Yeast DNA primase and DNA polymerase activities. An analysis of RNA priming and its coupling to DNA synthesis.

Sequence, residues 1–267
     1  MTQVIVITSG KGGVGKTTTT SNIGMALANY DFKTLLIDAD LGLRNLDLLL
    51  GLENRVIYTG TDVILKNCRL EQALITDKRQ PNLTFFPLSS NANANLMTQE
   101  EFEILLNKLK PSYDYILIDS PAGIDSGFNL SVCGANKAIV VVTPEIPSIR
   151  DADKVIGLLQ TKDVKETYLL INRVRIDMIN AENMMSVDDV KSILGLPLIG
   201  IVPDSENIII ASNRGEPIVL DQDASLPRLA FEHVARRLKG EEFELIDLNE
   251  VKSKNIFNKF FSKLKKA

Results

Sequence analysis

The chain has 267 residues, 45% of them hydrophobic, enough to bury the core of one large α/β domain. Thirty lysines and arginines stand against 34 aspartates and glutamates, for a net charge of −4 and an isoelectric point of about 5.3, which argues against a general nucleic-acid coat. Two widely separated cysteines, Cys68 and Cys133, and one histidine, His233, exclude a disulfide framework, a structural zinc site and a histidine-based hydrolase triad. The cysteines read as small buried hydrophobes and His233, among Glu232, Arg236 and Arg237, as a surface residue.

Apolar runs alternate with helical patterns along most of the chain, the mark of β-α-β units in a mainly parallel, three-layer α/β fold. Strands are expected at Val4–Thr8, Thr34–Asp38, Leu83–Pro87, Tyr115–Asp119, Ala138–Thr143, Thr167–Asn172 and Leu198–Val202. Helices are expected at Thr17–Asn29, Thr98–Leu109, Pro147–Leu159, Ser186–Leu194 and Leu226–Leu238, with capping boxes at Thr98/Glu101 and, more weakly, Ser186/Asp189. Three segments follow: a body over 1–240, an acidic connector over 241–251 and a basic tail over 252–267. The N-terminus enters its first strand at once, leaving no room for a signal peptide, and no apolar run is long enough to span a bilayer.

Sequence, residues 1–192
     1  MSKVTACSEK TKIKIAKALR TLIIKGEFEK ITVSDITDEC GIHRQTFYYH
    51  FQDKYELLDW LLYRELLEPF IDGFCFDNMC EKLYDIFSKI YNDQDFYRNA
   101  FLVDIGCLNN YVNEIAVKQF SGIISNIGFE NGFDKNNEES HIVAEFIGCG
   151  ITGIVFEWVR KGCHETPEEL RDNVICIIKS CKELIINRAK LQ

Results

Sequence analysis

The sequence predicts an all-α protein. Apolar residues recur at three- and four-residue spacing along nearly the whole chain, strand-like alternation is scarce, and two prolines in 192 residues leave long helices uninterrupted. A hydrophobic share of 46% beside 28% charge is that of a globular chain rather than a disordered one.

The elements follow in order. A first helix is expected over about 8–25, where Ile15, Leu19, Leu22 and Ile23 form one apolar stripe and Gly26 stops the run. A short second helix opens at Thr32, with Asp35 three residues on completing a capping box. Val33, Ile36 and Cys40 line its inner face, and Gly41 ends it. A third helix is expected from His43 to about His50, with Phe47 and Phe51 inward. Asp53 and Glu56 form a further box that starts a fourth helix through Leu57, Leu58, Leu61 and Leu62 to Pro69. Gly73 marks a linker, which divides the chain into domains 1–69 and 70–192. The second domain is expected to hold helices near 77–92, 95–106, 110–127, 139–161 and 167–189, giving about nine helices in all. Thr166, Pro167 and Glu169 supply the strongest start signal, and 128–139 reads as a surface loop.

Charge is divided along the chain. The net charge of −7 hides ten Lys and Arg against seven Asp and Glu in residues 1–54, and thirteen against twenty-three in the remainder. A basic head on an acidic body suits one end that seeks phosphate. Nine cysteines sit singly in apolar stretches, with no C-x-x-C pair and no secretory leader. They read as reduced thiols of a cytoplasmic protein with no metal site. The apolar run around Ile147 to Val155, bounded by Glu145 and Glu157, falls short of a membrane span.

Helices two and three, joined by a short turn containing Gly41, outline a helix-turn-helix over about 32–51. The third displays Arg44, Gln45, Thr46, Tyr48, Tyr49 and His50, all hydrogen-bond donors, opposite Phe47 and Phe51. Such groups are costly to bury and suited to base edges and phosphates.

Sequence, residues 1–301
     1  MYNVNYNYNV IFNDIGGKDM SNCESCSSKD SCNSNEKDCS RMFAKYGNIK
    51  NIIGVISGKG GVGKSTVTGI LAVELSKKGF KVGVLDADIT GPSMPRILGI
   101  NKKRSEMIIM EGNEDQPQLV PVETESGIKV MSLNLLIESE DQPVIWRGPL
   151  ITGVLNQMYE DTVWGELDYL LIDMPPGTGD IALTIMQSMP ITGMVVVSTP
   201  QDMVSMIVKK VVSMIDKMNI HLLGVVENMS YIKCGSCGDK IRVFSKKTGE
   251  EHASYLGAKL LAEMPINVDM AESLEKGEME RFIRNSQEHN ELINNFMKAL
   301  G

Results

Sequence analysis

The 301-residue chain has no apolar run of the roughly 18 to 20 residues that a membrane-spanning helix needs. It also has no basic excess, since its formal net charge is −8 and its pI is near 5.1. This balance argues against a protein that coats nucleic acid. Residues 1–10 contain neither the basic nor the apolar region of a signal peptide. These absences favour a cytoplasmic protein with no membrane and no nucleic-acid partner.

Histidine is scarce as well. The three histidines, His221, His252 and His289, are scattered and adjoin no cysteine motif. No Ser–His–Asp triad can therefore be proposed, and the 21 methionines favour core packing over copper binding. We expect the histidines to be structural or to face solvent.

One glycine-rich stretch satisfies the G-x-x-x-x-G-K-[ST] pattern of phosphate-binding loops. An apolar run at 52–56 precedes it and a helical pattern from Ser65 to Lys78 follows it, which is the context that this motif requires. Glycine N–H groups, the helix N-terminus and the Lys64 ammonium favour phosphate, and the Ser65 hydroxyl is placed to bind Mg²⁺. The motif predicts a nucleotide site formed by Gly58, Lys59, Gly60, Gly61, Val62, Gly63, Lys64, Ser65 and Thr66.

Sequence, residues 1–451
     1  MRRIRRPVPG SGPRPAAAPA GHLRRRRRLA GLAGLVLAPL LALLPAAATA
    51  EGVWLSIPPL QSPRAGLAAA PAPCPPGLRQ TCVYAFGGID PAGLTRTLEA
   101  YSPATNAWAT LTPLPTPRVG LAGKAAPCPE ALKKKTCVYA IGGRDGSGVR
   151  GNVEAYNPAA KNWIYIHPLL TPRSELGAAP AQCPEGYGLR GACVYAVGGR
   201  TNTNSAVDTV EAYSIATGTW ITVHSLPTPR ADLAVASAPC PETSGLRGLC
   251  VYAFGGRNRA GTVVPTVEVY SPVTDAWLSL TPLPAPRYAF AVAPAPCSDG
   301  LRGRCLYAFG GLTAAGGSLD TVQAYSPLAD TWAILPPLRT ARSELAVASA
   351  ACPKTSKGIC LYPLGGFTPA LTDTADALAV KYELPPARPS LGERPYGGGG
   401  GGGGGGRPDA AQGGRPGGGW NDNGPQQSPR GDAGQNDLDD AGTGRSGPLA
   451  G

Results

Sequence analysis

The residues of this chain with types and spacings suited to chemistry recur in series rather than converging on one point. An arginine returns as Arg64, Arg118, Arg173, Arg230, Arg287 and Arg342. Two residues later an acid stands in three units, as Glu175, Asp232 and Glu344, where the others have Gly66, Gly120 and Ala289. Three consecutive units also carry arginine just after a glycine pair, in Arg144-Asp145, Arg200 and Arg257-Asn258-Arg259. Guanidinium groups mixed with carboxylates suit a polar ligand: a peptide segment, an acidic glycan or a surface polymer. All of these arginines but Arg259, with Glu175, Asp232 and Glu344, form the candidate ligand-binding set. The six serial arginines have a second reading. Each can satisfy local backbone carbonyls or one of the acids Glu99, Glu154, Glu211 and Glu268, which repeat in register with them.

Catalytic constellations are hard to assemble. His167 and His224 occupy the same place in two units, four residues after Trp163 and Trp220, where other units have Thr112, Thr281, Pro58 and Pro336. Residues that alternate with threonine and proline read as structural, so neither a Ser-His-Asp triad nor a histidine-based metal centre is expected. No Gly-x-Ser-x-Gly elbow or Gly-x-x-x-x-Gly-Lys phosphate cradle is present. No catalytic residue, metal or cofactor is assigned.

The yeast DNA primase-DNA polymerase activities catalyze de novo oligoribonucleotide primed DNA synthesis on single-stranded DNA templates (Singh, H., and Dumas, L. B. (1984) J. Biol. Chem. 259, 7936-7940). In the presence of ATP substrate and poly(dT) template, the enzyme preparation synthesizes discrete-length oligoribonucleotides (apparent length 8-12) and multiples thereof. The unit length primers are the products of de novo processive synthesis and are precursors to the synthesis of the multimers. Multimeric length oligoribonucleotides are not generated by continuous processive extension of the de novo synthesis products, however, nor do they arise by ligation of unit length oligomers. Instead, dissociation and rebinding of a factor, possibly the DNA primase, results in processive extension of the RNA synthesis products by an additional modal length. Thus, catalysis by the yeast DNA primase can be viewed as repeated cycles of processive unit length RNA chain extension. Inclusion of dATP substrate results in three distinct transitions: (i) coupling of RNA priming to DNA synthesis, (ii) suppression of multimer RNA synthesis, and (iii) attenuation of primer length. The less than unit length RNA primers appear to result from premature DNA chain extension, not degradation from either end of the unit length primer. We discuss possible roles of DNA polymerase and DNA primase in RNA primer attenuation.




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